STEPHEN A HOLCOMB
Stephen A. Holcomb has been a very active factor in the upbuilding of Powhattan and his labors have been very effective in promoting its interests along social, material, educational and moral lines. He was at one time extensively engaged in dealing in grain. lumber and coal, is the owner of considerable real estate and is carrying on his business interests with signal success.
A native of the Hawkeye state, he was born near Ottumwa, Wapello county, July 24, 1847, and is a son of Zephaniah Holcomb. The grandfather of our subject was Stephen Holcomb, who was a native of New England and of English descent. The family was representative in the early wars of the country and its members have always been noted for loyalty to the government. The father of our subject was reared upon a farm in the county of his nativity and acquired his education in the public schools. Emigrating westward he took up his abode in Wapello county, becoming one of the pioneer settlers. He there secured a government claim and began the development of a farm. He was married, in Van Buren county, Iowa, to Miss Rebecca Blackford, a native of Indiana and a daughter of John Blackford, whose birth occurred in Maryland. The parents of our subject resided in Iowa until 1864, when they came to Brown county, Kansas, establishing a home on the present site of Robinson; in fact the town was laid out on their farm. The father has followed agricultural pursuits throughout his entire life and is still living at the old homestead in Brown county. In politics he has been a stanch Republican ever since the organization of the party and in religious faith is a United Brethren. In his family were seven children, two sons and five daughters, namely Stephen A., of this review; Mrs. Anna Roup, of Robinson, Kansas; Mrs. Mary Wade, of Robinson; T. W., also living in Robinson; Mrs. Jane Parsons, of Lawrence, Kansas; Mrs. Laura Harnorse, of St. Joseph, Missouri; and Mrs. Maggie Wallace, of Robinson, Kansas.
Mr. Holcomb, of this review, was reared on the old home farm in Iowa and was early trained to habits of industry and economy, which have proved to him of great value in his business career. Lessons of honesty and reliability were also early instilled into his mind and have largely colored his later life. His intellectual development was directed in the public schools, where he acquired a fair English education. He is numbered among the soldier boys of the Civil war, for, when only sixteen years of age, he responded to his country's call for troops, enlisting in February, 1863, as a member of Company E, Seventh Iowa Cavalry, under the command of Captain J. B. Davids; later he was under the command of Captain J. P. Norris. The regiment made an excellent record for gallant service on the field and on scouting expeditions. Their work lay west of the Missouri river. For a time they were stationed on the wild plains of western Kansas, in order to suppress any uprising of hostile Indians, and later they were located at Fort Ellsworth, at Fort Laramie, Cottonwood Springs and Fort Riley. Mr. Holcomb was faithful to the post of duty, discharging every task allotted to him, and at the close of the war he was honorably discharged. He then returned to his father's home in Robinson, Brown county, and has since been actively identified with the business interests of this locality.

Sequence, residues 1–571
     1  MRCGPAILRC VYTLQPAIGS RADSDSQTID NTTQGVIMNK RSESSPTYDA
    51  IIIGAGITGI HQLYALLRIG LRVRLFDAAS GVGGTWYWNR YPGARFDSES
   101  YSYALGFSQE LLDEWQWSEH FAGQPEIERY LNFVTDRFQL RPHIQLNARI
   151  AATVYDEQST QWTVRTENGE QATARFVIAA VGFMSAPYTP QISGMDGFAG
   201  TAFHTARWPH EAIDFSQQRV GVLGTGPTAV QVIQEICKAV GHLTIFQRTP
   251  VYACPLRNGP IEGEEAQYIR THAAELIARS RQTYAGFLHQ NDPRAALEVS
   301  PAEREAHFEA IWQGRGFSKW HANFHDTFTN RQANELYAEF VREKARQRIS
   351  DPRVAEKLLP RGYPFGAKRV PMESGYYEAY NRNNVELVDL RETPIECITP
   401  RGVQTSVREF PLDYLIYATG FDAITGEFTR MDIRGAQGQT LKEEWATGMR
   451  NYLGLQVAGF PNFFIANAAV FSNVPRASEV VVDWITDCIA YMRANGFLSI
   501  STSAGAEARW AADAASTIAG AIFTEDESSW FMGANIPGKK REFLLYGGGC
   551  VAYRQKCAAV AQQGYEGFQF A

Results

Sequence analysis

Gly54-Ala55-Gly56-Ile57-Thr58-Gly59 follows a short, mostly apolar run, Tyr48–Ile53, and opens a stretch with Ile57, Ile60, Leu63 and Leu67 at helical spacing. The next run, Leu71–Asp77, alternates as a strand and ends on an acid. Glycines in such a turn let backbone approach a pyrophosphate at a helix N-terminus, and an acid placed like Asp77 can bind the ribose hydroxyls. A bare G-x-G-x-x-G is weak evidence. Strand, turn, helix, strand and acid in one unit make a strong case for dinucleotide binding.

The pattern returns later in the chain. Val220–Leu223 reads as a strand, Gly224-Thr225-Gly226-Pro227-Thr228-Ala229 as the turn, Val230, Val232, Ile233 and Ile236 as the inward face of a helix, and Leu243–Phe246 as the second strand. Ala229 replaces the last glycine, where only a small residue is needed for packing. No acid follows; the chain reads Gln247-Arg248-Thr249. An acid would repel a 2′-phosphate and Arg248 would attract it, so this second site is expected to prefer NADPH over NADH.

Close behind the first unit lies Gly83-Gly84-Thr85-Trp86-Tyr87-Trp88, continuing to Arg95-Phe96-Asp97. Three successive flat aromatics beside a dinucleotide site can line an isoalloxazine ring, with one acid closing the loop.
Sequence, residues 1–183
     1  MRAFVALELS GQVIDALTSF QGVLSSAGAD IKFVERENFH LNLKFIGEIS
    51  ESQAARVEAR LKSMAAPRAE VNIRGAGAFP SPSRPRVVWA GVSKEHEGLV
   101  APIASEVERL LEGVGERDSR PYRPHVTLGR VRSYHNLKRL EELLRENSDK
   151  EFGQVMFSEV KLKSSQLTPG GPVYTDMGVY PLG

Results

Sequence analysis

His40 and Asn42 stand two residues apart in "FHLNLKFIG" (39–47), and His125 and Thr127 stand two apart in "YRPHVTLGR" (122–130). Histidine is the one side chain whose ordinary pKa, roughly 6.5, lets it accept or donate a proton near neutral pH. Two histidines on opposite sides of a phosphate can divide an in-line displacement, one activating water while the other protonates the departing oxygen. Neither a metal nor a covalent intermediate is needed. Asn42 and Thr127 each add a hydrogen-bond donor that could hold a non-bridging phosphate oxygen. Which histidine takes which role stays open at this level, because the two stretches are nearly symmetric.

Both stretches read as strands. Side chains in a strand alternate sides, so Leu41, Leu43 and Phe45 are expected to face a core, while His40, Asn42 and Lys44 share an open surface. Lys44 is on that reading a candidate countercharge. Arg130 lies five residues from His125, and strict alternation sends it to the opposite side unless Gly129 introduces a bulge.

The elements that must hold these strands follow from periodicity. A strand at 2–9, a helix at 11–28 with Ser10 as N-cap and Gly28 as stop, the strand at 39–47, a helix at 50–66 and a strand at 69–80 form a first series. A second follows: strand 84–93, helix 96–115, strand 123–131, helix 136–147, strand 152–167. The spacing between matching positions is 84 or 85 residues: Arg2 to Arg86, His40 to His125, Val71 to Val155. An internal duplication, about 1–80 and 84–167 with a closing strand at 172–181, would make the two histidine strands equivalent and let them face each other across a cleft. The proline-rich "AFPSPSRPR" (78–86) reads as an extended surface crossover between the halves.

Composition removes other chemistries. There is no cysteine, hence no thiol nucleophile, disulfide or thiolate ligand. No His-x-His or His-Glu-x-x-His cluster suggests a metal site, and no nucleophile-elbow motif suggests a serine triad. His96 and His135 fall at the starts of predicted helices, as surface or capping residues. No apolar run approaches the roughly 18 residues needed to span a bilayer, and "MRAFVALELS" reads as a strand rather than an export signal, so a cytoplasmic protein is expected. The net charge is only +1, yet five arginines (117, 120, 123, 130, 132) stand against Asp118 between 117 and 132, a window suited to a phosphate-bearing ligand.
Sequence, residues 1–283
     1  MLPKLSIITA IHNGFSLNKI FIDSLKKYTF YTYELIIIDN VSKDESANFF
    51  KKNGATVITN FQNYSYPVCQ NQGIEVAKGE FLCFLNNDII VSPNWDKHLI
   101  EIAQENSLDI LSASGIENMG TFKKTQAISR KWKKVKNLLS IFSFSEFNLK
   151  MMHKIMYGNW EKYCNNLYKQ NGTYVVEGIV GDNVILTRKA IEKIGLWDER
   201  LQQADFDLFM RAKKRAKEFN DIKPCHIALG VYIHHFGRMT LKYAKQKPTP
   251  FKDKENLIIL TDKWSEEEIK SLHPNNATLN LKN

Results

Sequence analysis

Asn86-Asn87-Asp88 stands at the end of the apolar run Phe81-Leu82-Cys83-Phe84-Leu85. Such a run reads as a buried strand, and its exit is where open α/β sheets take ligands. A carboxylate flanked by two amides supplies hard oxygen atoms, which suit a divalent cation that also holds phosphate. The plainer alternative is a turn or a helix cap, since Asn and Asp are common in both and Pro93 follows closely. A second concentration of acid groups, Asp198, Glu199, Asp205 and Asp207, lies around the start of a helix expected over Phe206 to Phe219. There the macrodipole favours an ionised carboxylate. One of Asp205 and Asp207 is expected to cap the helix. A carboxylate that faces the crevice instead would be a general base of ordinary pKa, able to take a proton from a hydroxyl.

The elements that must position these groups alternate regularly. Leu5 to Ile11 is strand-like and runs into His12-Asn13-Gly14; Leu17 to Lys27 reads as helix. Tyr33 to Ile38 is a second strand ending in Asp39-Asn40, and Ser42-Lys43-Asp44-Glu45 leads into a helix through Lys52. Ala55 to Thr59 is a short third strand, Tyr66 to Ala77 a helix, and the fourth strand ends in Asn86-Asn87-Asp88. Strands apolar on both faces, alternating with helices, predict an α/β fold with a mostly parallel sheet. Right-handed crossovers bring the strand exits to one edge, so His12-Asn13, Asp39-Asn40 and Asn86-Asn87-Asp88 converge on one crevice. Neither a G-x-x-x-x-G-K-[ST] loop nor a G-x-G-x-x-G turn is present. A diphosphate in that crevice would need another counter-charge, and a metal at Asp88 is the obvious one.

On the 29th of March, 1871, Mr. Holcomb was united in marriage to Miss Annie Richardson, a lady of intelligence and of good family, who is well-known as a most estimable woman. She was born in England, her parents being Joseph and Mary Richardson. Her father is now deceased, but her mother is still living. In the family of Mr. and Mrs. Holcomb were eight children, six of whom survive: Samuel, a leading and prominent merchant of Powhattan, who is now numbered among the prominent business men of Brown county; George, of Sheridan county, Kansas; Daisy, William, Florence and Frank. They also lost two children: John, who died at the age of six years, and Cora, at the age of two. Mrs. Holcomb was called to her final rest December 7, 1898. She was to her husband a faithful companion and helpmeet, to her children a loving mother and to her neighbors a true friend. Thus her death occasioned sincere grief to those in their community.
Mr. Holcomb is now the owner of a valuable farm of one hundred and twenty acres adjacent to the town of Powhattan. Of this, forty acres have been laid out in town lots and thus its value increased. He has very extensive realty interests, including the ownership of a brick store 30x70 feet. This is one of the best buildings in the town. Mr. Holcomb also owns the hotel and six or eight other leading buildings, which have contributed to the material improvement of the place. He erected the elevator here and carried on an extensive trade as a dealer in grain, lumber and coal for nine years. Throughout his life Mr. Holcomb has been a Republican and has served as a justice of the peace. He is likewise a member of the Independent Order of Odd Fellows and a member of the Congregational church, taking an active interest in all those measures pertaining to the improvement and welfare of the community, and his efforts have been very effective in securing public progress along material, intellectual, social and moral lines.